In 2010, we changed things up. I didn't enjoying saving all my quarters and begging for them as change everywhere I went and we simply don't go into a bank as part of any routine. We gave her a "raise" and she received $5 a month in cash. The idea was for her to gain new skills. Instead of weekly disbursement, now it was monthly. Instead of single quarters to place in each spot, now it was one $5 bill and she was to rotate among the spots. Honestly, that was too much change for her. She is good with money and understands it and its various purposes, etc. She got accustomed to monthly just fine, but the rotating just didn't work.
She ended up in debt to us several months in a row for field trips and other things. Granted, her teacher did everyone a disservice by cramming all of the field trips into only two months and we all forked over $22 at once with zero notice on just the kids ($11 for DD; needing 3 months of allowance in advance and it was only May). Only because I didn't feel it was fair to punish her for something she had no control over, we agreed to cover her debt. She didn't have any further field trips that cost money, so she lost incentive to build up her spending money. Prior to summer 2010, she was never a kid to really want anything beyond what we provide. Not sure what happened or why, and I'm not particularly concerned since it was bound to happen at some point, but she suddenly wanted to buy her own little things... We usually share one dessert amongst all of us on the rare occasion we go out to eat and even order a dessert. She decided to buy her own one time. When the bill came (we had it separate, as a learning experience), she was shocked to find she didn't have enough money. Even though we teased her about washing dishes at the restaurant to earn it, we paid the remainder of her bill. Another time, she knew we were going shopping and was planning to bring her spending money, but she had switched from the coin purse to a wallet since now she was receiving bills versus coins. She brought the wrong thing along and I had no idea until she was paying for her items and opened it to find only part of the money she thought she had. Again, I paid it. She fell behind again. Ultimately, she just this month received her first cash allowance since May. These are good learning experiences, as far as I am concerned, and I am glad they happened while she is 7-9 years old versus 27-29 years old!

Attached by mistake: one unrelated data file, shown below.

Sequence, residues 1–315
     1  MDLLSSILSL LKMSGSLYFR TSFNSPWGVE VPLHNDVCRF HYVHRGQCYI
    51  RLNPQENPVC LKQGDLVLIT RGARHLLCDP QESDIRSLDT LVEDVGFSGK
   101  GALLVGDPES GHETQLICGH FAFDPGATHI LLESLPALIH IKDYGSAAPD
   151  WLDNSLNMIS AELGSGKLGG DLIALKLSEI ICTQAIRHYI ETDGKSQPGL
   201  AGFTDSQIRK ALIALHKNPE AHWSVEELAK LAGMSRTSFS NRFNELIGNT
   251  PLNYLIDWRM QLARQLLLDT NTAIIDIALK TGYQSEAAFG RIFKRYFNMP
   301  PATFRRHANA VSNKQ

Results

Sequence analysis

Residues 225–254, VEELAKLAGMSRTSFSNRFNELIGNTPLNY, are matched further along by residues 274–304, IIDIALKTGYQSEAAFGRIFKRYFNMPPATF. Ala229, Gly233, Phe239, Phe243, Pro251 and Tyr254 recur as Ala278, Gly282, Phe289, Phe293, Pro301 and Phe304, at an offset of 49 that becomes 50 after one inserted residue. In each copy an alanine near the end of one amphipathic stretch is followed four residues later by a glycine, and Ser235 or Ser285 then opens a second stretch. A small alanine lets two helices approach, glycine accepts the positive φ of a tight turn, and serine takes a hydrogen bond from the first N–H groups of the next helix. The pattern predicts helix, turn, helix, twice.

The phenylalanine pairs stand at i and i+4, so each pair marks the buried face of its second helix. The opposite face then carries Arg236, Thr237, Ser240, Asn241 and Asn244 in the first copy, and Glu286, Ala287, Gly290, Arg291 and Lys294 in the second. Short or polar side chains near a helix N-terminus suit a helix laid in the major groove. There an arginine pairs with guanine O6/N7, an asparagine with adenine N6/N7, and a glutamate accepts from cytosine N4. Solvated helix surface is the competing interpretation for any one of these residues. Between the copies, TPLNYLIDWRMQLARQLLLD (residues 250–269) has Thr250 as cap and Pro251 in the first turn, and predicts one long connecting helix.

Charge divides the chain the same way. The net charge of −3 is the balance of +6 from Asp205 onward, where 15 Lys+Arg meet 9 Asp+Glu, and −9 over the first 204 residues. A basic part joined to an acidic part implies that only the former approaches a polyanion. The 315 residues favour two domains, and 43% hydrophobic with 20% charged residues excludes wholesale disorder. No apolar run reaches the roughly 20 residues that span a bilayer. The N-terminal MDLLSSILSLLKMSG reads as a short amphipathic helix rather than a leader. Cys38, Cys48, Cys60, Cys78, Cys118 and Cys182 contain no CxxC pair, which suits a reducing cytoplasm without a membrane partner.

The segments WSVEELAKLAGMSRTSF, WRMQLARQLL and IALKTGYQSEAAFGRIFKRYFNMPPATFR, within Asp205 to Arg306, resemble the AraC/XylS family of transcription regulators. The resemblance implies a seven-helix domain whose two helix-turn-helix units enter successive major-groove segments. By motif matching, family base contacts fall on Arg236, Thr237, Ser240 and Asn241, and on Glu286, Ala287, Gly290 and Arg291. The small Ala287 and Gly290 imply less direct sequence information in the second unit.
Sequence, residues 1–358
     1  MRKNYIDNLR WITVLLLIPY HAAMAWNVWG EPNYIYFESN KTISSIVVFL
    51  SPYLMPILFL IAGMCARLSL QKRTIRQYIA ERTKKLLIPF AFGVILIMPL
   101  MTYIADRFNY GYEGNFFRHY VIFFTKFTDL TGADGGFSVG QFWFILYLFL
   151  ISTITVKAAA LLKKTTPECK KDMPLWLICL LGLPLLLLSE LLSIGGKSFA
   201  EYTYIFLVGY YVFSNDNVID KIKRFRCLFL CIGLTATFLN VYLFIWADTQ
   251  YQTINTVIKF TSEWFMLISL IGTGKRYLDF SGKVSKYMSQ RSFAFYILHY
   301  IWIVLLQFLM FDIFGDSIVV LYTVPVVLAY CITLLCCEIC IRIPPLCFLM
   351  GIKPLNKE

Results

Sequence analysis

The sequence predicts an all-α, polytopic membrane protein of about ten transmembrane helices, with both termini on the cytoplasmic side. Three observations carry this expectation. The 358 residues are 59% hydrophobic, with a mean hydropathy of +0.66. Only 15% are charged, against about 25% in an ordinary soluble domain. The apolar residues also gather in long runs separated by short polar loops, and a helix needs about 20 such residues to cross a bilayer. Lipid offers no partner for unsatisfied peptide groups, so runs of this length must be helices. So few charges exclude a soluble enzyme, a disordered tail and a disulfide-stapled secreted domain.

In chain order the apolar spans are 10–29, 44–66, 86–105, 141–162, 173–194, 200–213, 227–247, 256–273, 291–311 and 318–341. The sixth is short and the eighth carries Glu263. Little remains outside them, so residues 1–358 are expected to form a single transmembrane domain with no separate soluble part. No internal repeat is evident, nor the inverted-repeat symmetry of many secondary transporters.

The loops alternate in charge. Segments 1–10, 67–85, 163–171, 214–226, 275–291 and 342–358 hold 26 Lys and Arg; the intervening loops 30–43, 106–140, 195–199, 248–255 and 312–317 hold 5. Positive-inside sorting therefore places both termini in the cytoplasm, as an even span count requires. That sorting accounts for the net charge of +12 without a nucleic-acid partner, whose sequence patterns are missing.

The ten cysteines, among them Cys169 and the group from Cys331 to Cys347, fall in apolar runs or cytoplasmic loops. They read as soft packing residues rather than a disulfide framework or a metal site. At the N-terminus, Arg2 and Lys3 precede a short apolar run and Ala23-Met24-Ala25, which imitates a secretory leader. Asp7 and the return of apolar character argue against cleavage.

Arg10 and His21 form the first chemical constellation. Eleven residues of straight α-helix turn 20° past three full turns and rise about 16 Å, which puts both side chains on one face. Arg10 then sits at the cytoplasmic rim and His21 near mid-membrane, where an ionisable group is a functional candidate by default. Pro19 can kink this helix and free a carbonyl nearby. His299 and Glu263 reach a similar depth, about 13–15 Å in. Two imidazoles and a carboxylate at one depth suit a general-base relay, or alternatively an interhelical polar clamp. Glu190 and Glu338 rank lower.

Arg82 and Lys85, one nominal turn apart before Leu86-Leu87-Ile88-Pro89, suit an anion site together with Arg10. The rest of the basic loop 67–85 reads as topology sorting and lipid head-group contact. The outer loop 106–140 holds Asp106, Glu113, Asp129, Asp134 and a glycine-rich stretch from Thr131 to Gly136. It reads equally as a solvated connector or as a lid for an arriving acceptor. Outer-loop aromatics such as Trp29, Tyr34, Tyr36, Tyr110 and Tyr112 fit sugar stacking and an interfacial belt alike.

She has asked that we change the method again for 2011. (Excellent response, in our opinions!) I think we're going to try $6 once a month in single bills; at least for awhile. She can put two $1 bills in charity, two in a savings envelope, and two into her wallet. Random change can go into her bear bank or not, up to her. I might do $4 in single bills (charity and spending) and transfer $2 electronically to her savings account instead. Depends on how easy it is to obtain six singles when getting our monthly cash over at the grocery store and on how much interest she shows in physically going to the bank to make a cash deposit after she receives any Christmas money, which she may or may not get this year, along with whatever she has in her bear bank from random change. I doubt she has any bills saved since her birthday deposit.
We purposely started with very low amounts for two reasons. 1) We provide for her, and her long-distance relatives had been in the habit of sending what we consider obscene amounts of cash for her birthday and Christmas (in lieu of gifts past the age of 5-6). Most of that gift money went to buying her shoes (or other defined items) to offset our own budget or into her savings account. Not really for what those well-meaning folks intended. (They felt out of touch with her and wanted her to buy her own gifts. She has what she needs/wants, so that wasn't a good fit.) She didn't really "need" any personal money until this past summer when she suddenly took an interest in things we don't provide. 2) We only were really doing this for learning purposes, so low amounts worked with our family budget best (honestly, those four quarters a week came out of my personal spending for most of that year) and illustrated the points perfectly. We figured we'd start small and gradually go up as the situation warranted. It is working out better than we had hoped.